University Calculus: Early Transcendentals (3rd Edition)

$\mathrm{Domain:}\ \ \ (-\infty ,0)\cup (0,\infty)$ $\mathrm{See\:the\:graph\:below.}$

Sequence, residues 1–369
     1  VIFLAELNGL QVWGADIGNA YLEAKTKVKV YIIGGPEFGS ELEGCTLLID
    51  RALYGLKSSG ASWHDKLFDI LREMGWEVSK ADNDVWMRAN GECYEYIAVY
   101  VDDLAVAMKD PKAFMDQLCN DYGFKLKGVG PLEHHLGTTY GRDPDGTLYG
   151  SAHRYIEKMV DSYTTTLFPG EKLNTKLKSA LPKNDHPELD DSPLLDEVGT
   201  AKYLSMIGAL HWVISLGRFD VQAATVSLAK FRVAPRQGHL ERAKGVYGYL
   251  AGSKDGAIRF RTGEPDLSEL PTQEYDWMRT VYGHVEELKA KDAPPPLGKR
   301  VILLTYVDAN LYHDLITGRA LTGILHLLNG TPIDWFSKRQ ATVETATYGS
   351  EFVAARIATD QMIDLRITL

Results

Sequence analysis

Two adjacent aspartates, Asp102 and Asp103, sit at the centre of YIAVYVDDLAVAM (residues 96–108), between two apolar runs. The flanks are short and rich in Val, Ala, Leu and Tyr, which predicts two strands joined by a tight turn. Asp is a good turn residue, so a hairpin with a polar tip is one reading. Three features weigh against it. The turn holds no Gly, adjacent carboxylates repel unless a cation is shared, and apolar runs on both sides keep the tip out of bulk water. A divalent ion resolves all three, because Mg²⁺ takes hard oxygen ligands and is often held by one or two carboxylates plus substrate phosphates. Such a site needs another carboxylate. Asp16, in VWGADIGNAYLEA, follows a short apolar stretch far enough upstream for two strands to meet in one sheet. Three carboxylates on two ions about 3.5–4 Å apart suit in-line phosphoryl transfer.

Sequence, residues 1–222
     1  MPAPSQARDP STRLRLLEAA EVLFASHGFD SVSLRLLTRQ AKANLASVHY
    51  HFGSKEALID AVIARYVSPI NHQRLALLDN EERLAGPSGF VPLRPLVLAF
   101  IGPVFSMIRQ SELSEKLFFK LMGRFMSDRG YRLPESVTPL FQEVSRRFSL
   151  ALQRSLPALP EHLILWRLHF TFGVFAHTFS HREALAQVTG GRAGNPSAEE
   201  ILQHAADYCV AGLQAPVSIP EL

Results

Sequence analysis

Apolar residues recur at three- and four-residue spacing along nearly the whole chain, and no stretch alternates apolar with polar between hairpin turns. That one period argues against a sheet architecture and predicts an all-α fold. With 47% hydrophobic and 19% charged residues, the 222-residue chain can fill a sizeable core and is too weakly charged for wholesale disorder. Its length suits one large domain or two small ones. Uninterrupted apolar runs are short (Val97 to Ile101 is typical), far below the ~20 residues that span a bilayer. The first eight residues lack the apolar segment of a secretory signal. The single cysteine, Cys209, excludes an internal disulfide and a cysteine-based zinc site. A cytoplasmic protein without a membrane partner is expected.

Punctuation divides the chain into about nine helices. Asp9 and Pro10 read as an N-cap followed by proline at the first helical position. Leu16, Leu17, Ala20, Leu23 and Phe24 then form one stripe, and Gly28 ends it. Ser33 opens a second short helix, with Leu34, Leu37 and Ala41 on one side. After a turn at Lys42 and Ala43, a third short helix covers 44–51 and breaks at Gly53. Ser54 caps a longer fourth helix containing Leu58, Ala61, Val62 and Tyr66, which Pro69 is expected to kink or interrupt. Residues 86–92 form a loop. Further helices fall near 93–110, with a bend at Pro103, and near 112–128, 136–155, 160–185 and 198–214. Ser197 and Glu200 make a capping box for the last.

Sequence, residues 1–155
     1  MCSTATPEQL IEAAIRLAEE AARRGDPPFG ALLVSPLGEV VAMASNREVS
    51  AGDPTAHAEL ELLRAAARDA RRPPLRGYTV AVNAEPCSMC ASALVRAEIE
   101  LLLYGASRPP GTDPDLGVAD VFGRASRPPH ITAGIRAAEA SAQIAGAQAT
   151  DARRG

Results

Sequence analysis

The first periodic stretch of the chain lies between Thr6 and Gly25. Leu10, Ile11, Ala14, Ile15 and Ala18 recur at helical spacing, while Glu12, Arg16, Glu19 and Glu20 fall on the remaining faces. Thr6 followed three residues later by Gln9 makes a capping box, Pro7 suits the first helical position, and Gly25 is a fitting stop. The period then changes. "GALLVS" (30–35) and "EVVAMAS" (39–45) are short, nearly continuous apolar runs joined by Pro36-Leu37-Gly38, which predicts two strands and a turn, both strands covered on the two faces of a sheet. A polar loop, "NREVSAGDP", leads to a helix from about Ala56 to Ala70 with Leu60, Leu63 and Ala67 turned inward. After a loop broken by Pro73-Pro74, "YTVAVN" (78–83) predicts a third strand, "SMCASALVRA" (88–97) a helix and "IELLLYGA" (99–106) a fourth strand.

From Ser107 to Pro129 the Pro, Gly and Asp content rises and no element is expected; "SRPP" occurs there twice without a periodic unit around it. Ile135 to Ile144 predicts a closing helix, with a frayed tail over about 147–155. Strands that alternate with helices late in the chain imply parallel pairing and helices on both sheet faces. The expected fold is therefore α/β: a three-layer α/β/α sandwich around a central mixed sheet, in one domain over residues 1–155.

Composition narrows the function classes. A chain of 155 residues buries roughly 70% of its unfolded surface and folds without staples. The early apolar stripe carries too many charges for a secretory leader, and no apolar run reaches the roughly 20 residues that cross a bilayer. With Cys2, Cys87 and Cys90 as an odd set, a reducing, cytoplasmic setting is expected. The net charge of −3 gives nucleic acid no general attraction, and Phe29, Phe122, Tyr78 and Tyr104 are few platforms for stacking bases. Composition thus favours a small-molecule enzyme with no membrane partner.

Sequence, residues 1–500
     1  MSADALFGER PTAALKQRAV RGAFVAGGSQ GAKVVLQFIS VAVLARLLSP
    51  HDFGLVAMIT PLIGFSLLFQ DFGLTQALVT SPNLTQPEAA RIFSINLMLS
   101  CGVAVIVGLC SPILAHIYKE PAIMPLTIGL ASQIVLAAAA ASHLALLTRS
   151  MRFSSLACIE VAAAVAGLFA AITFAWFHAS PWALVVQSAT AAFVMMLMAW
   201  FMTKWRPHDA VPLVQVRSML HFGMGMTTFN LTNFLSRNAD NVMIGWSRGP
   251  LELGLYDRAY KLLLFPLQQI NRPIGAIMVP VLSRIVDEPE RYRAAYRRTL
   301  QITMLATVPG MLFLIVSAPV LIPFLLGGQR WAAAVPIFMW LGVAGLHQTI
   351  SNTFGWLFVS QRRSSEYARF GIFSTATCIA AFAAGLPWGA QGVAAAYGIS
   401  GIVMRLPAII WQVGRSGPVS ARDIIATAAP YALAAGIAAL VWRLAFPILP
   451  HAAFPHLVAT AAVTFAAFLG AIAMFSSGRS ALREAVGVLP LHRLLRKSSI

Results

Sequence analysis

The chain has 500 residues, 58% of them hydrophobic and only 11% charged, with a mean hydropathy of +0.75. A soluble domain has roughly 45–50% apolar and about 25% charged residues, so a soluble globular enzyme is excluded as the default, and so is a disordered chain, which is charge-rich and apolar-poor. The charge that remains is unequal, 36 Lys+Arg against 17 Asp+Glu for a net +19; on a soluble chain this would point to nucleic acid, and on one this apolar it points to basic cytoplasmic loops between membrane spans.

$\mathrm{Remember:}$ The limiting factor on the domain for a rational function is the denominator, which cannot be equal to zero. Take the denominator of the rational function and compare it to zero to get the un-defined points. $|t|=0$ $t=0$ So the function is undefined at $\ t=0.\$ Therefore, the function domain is $\ (-\infty,0)\cup (0,\infty).$ The graph of the given function $\ G(t)=\frac{1}{|t|}\$ is similar to the graph of $\ y=\frac{1}{t}\$, when $\ t\$ is positive. When $\ t\$ is negative, the graph of the given function will be the reflection of the graph of the function $\ y=\frac{1}{t}\$ along the $\mathrm{y-axis}.$ See the graph below.